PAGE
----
Newton’S laws of Motion
Newton’S laws of Motion
Earthly and heavenly motions were of great interest to English scientist Isaac Newton (1643–1727). He formulated three mathematical laws, which allowed a complete analysis of dynamics, the study of moving objects. His laws relate all aspects of motion to force and mass. Newton’s three laws of motion, although shown by Einstein in the early twentieth century to be an inadequate description of the natural world under some conditions, are so accurate under most conditions that they are still used today throughout science and engineering.
Galileo Galilei’s (1564–1642) observation that without externally applied force a moving body would tend to move forever in a straight line—or, if at rest, never move at all—challenged Aristotle’s notion that the natural state of motion on Earth was one of rest. Galileo deduced that it was a property of matter to maintain its state of linear motion (or rest), a property first called “inertia” by Johannes Kepler in the early 1600s. Newton, grasping the meaning of inertia and recognizing that Aristotle should have concentrated not on what keeps a body in motion but on what changes a body’s state of motion, set forth a first law of motion codifying the concept of inertia: A body at rest remains at rest or a body in constant motion remains in constant motion along a straight line unless acted on by an external force.
Why use seat belts? When you are riding in a car, you and the car have the same motion. When the brakes are applied, the brakes stop the car. What stops you? During a slow stop, a force exerted by the friction of your body against the seat: in a fast stop, such as during a crash, a force exerted either by a seat belt, the steering wheel, the dashboard, or the wind-shield. From a human point of view, the seat belt is obviously preferable. When the accelerator is depressed with the car in gear the motor turns the wheels and the car moves forward. What moves you forward? As the car moves forward the seat presses against you and pushes you forward.
Force is required not only to change your velocity, but your direction. Say that while you are riding in the front passenger seat of a car, the driver suddenly turns left: what about you? A force exerted on your body by the seat changes your direction of motion, which would otherwise continue in a straight line. Or, in a fast turn, the door by your elbow may also contribute force to changing your state of motion. But there is never a change in motion without application of a force. That is the first law.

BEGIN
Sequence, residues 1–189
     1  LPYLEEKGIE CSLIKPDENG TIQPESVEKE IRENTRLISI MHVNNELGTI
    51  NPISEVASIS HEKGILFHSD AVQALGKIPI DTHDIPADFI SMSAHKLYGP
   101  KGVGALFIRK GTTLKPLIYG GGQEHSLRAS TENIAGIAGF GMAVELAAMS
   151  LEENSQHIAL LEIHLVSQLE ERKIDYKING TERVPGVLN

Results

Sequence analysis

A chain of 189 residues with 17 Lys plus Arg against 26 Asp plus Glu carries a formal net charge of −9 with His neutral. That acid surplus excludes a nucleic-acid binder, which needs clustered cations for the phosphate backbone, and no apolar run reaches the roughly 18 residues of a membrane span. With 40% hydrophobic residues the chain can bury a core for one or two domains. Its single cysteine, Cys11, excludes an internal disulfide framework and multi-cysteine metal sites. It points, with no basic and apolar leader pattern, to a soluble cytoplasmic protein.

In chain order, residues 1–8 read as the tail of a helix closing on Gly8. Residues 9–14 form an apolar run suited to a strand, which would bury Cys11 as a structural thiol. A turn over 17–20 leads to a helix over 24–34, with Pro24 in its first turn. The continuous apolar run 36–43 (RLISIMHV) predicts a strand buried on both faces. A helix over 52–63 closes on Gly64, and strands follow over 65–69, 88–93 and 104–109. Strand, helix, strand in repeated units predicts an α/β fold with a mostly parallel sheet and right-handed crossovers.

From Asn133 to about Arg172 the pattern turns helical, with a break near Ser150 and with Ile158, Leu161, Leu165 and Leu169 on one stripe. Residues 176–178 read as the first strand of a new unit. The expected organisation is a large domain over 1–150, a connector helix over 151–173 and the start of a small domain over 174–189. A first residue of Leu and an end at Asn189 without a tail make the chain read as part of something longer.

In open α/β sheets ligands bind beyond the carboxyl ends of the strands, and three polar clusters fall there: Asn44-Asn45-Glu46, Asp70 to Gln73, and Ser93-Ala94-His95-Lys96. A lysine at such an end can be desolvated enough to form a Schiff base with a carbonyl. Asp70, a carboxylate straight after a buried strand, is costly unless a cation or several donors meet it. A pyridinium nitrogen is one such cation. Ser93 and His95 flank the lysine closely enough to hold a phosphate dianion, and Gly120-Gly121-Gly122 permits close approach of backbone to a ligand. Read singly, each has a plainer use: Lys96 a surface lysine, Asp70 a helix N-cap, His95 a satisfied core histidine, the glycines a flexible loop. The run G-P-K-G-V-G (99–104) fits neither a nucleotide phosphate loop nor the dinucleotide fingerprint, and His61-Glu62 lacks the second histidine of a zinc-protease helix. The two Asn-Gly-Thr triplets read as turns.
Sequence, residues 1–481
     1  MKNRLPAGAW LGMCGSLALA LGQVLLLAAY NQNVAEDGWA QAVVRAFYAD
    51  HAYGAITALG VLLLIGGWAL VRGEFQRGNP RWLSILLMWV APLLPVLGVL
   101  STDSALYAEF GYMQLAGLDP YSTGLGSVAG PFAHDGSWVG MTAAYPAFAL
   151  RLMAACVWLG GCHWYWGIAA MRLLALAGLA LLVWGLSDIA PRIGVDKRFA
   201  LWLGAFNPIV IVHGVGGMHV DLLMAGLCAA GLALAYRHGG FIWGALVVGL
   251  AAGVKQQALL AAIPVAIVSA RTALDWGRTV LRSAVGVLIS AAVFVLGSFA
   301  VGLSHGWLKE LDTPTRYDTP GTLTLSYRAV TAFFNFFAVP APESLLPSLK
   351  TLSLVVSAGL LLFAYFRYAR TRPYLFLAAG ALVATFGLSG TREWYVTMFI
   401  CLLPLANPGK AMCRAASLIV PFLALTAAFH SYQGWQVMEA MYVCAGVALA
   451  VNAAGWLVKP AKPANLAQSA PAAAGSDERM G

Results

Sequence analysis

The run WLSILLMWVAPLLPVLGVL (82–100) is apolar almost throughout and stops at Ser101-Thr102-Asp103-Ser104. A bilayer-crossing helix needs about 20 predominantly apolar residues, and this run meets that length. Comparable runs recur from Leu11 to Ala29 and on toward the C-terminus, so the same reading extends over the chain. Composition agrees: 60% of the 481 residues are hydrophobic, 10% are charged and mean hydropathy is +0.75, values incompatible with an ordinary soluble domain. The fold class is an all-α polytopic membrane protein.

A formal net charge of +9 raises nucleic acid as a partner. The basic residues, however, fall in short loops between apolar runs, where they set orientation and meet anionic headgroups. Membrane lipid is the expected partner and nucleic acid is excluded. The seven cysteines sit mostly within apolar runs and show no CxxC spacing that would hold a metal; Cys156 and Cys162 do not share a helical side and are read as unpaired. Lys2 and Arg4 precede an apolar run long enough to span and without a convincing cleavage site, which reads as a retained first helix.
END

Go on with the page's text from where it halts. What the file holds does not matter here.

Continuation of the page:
Force produces a change in the state of motion; that is, an acceleration. Newton found that the greater a body’s mass, the greater the force required to produce a certain amount of acceleration. He also found that when applying equal force to two different masses, the ratio of their accelerations was inversely proportional to the ratio of their masses. Newton’s second law of motion is therefore as follows: A net force acting on a body produces an acceleration; the acceleration is inversely proportional to its mass and directly proportional to the net force and in the same direction.
This law can be put mathematically F = ma where F is the net force, m is the mass, and a the acceleration. The second law is a cause-effect relationship. The net force acting on a body is determined from all forces acting and the resultant acceleration calculated (assuming a known mass). From the acceleration, velocity and distance traveled can be determined for any time.
(1) Objects, when released, fall to the ground due to Earth’s attraction. Newton’s universal law of gravity gave the force of attraction between two masses, m and M, as F =GmM/R2 where G is the gravitational constant and R is the distance between mass centers. This force, weight, produces gravitational acceleration g, thus weight = GmM/R2 = mg(2nd Law) giving g = GM/R2. This relationship holds universally. For all objects at Earth’s surface, g =32 ft/sec/sec or 9.8 m/sec/sec downward and on Jupiter 84 ft/sec/sec. Since the dropped object’s mass does not appear, g is the same for all objects. Falling objects have their velocity changed downward at the rate of 32 ft/sec each second on earth. Falling from rest, at the end of one second the velocity is 32 ft/sec, after 2 seconds 64 ft/sec, after 3 seconds 96 ft/sec, etc.